We brought corporate tax down. Also, we extended the period by which many of them will have to bring in additional capacities or establish new units. All these measures are working now in favour of the private sector to invest.
Record government investments have helped spur growth and could lead to new jobs, but how much private investment is actually being crowded out as a result?
In fact, at the press conference this evening, it was made very clear that increasing public investments in infrastructure have never hurt private investment between 2021 and 2022 and up until now.
People have asked, “What kind of crowding in is this? This is the first time you’ve mentioned it.” But that private investment is happening because we lowered the tax on corporations. We also gave them more time to add more capacity or start new units.
Some businesses are happy about the green push, but others feel left out.
All of these factors now make it more likely for the private sector to invest. So, when you go to the market to borrow money, you find that many of them are just as able as you to make money or bring in money from the market. This hasn’t stopped anyone, though. That is exactly what “crowding in” means. It means that people can come in and bring in money, banks can bring in money, and the private sector can bring in Indian equity. It’s not like money is coming from somewhere else. So, I think that crowding in has been made possible by the right mix of policies, not just the public investments in infrastructure.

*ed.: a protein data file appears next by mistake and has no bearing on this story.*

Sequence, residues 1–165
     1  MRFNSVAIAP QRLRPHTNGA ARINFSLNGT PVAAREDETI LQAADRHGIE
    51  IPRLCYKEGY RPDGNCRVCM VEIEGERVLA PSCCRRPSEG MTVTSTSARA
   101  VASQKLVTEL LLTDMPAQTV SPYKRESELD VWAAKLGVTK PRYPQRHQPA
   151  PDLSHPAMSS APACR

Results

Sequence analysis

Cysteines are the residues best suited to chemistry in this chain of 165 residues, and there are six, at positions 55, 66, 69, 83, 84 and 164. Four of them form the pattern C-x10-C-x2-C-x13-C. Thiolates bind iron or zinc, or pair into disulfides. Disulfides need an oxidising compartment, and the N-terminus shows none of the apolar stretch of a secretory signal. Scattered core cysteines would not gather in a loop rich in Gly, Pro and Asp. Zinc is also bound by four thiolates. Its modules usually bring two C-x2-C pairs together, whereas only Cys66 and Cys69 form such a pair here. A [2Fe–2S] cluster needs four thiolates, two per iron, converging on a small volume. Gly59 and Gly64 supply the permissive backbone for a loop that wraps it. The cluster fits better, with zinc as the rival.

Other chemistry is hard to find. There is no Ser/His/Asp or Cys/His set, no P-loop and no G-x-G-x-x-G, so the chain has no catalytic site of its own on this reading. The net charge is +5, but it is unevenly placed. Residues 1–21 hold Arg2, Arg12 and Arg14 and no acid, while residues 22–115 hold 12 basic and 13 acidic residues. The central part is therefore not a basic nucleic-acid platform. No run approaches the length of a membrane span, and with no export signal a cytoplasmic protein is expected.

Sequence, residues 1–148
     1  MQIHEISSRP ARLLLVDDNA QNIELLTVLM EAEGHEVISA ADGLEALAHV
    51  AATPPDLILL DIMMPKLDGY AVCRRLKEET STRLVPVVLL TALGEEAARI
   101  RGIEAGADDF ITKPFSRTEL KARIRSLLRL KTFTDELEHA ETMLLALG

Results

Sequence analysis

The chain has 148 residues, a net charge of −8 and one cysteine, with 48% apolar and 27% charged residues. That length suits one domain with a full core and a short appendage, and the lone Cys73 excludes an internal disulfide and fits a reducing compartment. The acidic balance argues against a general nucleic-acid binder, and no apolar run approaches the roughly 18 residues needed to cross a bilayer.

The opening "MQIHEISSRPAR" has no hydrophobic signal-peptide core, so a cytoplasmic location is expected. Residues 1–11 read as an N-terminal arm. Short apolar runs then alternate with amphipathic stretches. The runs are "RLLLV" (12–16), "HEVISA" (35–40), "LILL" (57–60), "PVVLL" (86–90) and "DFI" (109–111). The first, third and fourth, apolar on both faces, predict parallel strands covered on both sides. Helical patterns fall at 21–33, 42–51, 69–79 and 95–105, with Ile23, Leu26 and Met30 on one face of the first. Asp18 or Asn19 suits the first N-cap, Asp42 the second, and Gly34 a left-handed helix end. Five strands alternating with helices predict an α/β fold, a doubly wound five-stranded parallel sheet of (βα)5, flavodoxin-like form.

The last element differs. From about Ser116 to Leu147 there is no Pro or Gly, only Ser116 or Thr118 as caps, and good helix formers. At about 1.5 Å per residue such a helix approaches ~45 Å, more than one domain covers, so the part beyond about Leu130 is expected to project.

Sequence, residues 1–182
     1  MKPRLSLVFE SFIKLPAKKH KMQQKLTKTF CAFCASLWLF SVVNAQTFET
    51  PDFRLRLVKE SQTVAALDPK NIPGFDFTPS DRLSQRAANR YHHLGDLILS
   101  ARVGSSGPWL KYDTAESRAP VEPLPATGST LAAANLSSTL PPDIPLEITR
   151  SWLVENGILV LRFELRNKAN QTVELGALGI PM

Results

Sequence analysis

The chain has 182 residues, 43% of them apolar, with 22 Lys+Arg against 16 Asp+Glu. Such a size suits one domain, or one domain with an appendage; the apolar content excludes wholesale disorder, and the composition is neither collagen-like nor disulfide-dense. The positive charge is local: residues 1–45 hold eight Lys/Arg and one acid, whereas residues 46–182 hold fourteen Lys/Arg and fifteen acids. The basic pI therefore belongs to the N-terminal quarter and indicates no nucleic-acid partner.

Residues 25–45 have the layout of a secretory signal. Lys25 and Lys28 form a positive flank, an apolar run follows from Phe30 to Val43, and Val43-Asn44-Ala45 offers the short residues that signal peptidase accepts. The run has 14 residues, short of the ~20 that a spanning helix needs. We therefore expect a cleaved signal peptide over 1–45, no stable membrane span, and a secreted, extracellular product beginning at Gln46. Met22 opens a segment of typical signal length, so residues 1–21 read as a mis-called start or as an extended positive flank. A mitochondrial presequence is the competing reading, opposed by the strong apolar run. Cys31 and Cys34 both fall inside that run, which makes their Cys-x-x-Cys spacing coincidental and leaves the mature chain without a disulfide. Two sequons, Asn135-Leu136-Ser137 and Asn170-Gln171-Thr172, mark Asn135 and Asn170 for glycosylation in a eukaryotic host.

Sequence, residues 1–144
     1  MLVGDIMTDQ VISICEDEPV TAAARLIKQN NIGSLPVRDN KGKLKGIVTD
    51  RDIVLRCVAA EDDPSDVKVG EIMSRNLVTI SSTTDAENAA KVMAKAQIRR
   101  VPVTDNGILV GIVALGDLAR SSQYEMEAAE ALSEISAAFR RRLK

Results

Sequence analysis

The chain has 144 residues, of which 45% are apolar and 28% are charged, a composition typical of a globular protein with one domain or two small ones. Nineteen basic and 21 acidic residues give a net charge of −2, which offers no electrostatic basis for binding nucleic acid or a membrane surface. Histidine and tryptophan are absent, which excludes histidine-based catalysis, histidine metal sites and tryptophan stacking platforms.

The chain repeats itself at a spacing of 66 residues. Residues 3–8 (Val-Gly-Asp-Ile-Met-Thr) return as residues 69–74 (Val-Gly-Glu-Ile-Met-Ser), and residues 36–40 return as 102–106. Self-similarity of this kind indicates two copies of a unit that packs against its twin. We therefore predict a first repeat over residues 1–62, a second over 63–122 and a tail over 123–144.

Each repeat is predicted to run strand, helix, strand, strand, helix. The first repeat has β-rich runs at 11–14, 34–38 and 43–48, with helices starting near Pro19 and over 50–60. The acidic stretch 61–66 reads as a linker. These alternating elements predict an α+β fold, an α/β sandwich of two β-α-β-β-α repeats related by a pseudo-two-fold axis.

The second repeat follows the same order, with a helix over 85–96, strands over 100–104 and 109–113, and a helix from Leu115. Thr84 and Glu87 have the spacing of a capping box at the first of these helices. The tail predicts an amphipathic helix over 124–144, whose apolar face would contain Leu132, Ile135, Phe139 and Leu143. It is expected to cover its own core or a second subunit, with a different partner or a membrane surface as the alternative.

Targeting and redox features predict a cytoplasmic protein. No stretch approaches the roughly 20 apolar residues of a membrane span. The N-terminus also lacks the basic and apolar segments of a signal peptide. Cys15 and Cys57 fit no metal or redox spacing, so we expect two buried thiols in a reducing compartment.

Taking a look at some of the Budget’s green parts. You talk about getting rid of old government cars, and you say you’ll pay for that. But is the government actively using the e-vehicles you’re trying to get the rest of the country to buy?
First, we want to set an example by saying that both the central government and state governments, if they want to, can get rid of the vehicles, even some of the government-backed ambulances. We think it’s important for the government to set an example by getting rid of all cars that are 15 years old or older and replacing them with electric cars. This way, we can show that we will be able to reduce pollution and protect the environment. Because of this, we have backed the policy to get rid of old cars, which was announced earlier, and now we are also giving it a boost.
Now that India is the leader of the G20, everyone is looking at us. The IMF told us this, and we want to be the third largest economy in the world. Some people are curious about how race affects China. Where do you think India and China will be in five years?
I would like to see India become more atmanirbhar, which means that India makes many things for itself and for the rest of the world. We are growing quickly because people are still interested and because our government is responsive.
Also, this government has been stable because it was given a strong mandate, and we will be attractive because we handle tax matters not with rashness but with a more level-headed approach that keeps the tax system stable and predictable.